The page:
It’s safe to say that we are well and truly into the Third Revolution. Whether you embrace the change or get hauled into it, it’s undeniable that things have come a long way from the agricultural and industrial days, and that the changing digital landscape is impacting all areas of society.
Some would say this revolution started in the 70s when we saw the introduction of the first commercialised computers for record-keeping.
The 80s saw the development of computers for gaming and digital cameras, whereas the 90s brought about one of the biggest changes; the worldwide web becoming available to the general public, changing the way everything was done.
Since the 90s, the pace of change has increased to the exponential rate of change that we see today.
The last few decades have seen the transfer of digital technology from a state of exclusivity, only being used by the military and research professions, to almost every aspect of modern living, both in business and everyday life.
The pace won’t slow any time soon. Buzz phrases such as Artificial Intelligence (AI), Business Intelligence (BI), Machine Learning (ML) and Internet of Things (IoT) are banded about in connection with anything loosely connected with data, from processing to analytics, and that’s without mentioning blockchain!
Will the robots take over? My response is: it depends!
Technology will certainly reduce, if not replace, the need for low-skilled labour across a number of sectors, Amazon drone deliveries being a prime example!
Either way, this can be used as an opportunity to reduce costs or re-deploy precious resource to other areas, to ultimately make more informed decisions and drive your business forward in a way that didn’t previously exist.
The attitude towards embracing “digital” across the North West business community has a very wide spectrum, as does people’s perception of what digital means for them and their business.
The journey of transformation can start slowly, with small areas of automation, such as invoice processing or automatic bank feeds, and gradually working towards a modular solution approach so changes can be made when there is time, without causing interruption.
In other cases, it starts with a sense of urgency to understand company-wide what the opportunities are, assessing the impact, cost, and urgency before rolling out a firm-wide strategic plan and making wholescale changes to the fundamentals of how the business operates.
As with all things, there is no one-size-fits-all solution, although some considerations are:…
Embrace change:It will come, and it will fundamentally change how we all do business. HMRC has been a significant catalyst with the introduction of MTD for VAT, and this digital trend will continue; they envisage all taxes will soon be digital.
Have a clear digital strategy: Invest time in exploring the opportunities and challenges for your business. Have a plan of where you want to be, and how you are going to get there.
Accept that you may not be the best person for the job: The journey to digitalisation has many facets, so understand whether the skill sets exist in your business. If they don’t, outsource or recruit individuals who are better-suited to change management, implementation and learning new technology.
Small efficiency savings add up: Automation of a single manual process that saves 1 hour a week is the equivalent of creating an extra week’s capacity over the course of the year. Imagine the impact of saving two or three people over 5 hours a week - the savings soon add up.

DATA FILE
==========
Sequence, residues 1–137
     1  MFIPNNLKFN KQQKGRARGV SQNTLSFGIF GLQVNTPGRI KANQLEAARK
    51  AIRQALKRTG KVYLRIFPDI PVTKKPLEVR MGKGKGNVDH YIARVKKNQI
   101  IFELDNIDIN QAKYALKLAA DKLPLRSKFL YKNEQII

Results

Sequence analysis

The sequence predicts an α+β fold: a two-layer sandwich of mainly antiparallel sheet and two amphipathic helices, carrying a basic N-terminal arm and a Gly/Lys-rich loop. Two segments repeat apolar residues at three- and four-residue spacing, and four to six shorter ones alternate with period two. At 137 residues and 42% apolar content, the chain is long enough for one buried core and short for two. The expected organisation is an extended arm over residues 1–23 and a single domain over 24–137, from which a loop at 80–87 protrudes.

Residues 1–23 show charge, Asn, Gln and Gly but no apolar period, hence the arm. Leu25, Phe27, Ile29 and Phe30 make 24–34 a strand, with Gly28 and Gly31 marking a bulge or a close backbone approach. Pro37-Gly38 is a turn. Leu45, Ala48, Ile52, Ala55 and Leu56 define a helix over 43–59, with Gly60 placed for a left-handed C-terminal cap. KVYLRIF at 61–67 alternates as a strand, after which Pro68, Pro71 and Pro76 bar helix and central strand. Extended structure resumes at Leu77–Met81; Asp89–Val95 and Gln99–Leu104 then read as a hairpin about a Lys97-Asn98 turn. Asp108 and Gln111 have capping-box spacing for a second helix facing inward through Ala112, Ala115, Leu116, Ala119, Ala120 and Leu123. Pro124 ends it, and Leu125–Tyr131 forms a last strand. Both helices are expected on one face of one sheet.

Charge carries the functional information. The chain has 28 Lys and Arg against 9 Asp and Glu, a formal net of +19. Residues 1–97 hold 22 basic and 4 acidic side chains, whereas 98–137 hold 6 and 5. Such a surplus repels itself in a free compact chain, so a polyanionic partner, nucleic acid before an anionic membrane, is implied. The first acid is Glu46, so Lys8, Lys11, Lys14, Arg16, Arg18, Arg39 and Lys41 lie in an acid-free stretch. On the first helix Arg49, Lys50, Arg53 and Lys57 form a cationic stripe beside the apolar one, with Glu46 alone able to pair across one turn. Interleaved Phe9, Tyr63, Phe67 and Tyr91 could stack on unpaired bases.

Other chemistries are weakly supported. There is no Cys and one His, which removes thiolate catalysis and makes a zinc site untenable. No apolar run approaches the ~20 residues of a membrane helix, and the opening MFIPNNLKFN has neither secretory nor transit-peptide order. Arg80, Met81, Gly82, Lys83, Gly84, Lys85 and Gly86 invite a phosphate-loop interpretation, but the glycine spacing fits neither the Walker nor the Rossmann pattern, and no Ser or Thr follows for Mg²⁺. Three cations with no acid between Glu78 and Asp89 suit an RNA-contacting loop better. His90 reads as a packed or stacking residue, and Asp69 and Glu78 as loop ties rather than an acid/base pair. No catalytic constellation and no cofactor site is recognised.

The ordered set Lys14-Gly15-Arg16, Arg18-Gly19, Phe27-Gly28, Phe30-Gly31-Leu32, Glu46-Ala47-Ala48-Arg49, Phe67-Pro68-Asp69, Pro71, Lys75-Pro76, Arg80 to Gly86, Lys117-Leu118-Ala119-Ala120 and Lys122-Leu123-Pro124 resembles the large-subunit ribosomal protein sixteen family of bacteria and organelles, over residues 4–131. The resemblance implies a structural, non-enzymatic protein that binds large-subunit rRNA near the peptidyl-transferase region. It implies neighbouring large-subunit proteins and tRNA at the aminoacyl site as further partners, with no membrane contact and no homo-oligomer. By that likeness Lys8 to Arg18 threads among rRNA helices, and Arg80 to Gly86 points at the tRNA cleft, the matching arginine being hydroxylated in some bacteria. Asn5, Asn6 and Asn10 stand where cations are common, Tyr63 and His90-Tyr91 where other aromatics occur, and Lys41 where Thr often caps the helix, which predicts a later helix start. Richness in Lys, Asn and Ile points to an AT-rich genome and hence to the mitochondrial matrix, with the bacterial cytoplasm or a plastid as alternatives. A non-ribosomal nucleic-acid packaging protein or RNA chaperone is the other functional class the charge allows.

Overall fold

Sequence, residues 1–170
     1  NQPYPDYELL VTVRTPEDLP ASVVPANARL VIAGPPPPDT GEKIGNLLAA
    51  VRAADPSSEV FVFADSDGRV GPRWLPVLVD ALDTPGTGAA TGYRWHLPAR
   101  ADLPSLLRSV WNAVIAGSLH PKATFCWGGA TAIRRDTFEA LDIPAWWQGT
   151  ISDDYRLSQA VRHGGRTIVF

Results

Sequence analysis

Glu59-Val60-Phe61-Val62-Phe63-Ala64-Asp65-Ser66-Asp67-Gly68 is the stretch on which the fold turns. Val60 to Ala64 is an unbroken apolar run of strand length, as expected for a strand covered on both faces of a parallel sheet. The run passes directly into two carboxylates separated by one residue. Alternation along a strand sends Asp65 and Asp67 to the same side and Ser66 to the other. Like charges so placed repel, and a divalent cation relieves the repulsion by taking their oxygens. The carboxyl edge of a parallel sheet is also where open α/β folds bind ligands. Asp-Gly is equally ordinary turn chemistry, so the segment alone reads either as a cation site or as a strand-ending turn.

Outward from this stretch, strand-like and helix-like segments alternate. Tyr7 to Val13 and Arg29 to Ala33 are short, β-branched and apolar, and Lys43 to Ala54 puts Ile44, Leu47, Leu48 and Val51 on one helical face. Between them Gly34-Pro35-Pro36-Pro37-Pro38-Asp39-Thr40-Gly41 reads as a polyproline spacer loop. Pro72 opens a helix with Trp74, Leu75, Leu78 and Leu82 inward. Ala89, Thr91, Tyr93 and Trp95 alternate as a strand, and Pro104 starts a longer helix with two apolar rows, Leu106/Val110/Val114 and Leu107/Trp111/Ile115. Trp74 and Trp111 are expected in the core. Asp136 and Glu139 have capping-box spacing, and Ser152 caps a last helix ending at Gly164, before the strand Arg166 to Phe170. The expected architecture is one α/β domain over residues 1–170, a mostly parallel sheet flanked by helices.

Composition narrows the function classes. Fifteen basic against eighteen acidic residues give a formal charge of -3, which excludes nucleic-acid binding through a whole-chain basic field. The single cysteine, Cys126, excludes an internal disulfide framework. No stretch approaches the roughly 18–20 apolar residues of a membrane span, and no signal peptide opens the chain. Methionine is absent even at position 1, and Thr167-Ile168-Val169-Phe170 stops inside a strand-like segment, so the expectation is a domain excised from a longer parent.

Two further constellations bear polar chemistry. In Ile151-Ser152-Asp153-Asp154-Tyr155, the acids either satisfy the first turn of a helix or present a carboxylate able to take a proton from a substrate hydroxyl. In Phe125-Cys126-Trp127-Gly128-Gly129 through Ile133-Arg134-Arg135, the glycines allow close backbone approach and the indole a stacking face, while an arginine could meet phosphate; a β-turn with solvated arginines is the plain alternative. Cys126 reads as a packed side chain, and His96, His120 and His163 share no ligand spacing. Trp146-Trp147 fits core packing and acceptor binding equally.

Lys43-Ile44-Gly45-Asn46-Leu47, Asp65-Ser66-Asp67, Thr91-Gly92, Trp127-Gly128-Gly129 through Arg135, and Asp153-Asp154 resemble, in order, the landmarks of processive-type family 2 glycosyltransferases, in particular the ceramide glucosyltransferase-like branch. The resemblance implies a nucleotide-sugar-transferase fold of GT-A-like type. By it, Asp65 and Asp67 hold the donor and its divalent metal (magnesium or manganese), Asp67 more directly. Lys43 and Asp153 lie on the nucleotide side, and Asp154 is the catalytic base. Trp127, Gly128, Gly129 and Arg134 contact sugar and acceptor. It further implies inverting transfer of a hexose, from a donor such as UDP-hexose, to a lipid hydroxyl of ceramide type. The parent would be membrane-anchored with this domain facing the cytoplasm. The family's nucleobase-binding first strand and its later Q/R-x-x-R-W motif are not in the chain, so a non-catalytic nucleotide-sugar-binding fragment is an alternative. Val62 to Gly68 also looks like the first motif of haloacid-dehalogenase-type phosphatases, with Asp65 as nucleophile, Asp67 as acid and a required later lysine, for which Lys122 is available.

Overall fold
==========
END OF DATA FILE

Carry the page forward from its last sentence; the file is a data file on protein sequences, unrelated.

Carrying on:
Make your data work for you: Invaluable business data, whether it’s product, customer, supplier or operational information, is collected daily. Making basic changes to what and how information is captured gives better insight into business operations and helps make better informed and insightful decisions, in real-time.
Spend wisely and understand the pricing: Most SaaS (Software as a Service) products are subscription-based and dependent upon the number of users or transactions. Current cost-effective solutions may become uneconomical as you scale your business. Additionally, most software is priced on a per entity basis, so costs may be duplicated if there are multiple companies.
Be wary of the ‘new kid on the block’: Software development is changing and products are often taken to market earlier in the development stage, with customers being used as the test subjects. Bear this in mind and always try before you buy. It’s common practice for SaaS providers to offer free demos which helps you understand the limitations and determine whether the product suits your needs.
Employee expectations are changing: Younger generations are increasingly making up a larger proportion of the workforce, so employers will have to become more digitally-enabled to meet future expectations of employees. After all, they will be the first generations to have grown up with smartphones and voice commands as mainstream technology. In an ever-competitive market of attracting and retaining talent, how digitally-enabled you are will become an influencing factor.
Regardless of how you embrace ‘digital’, it is important to remember that all areas of commerce and business require judgement and decision-making. Using technology to make better-informed and thought-through decisions will ultimately help you succeed. Remember, though, that technology can’t make the instinctive judgements and decisions that make entrepreneurs what they are.
It all boils down to competition; if your closest rivals are doing it slicker, quicker and more cost-effectively, irrespective of industry, you will get left behind. The only constant is change, and the pace is accelerating, so the earlier you embark on the journey to digitalisation, the better.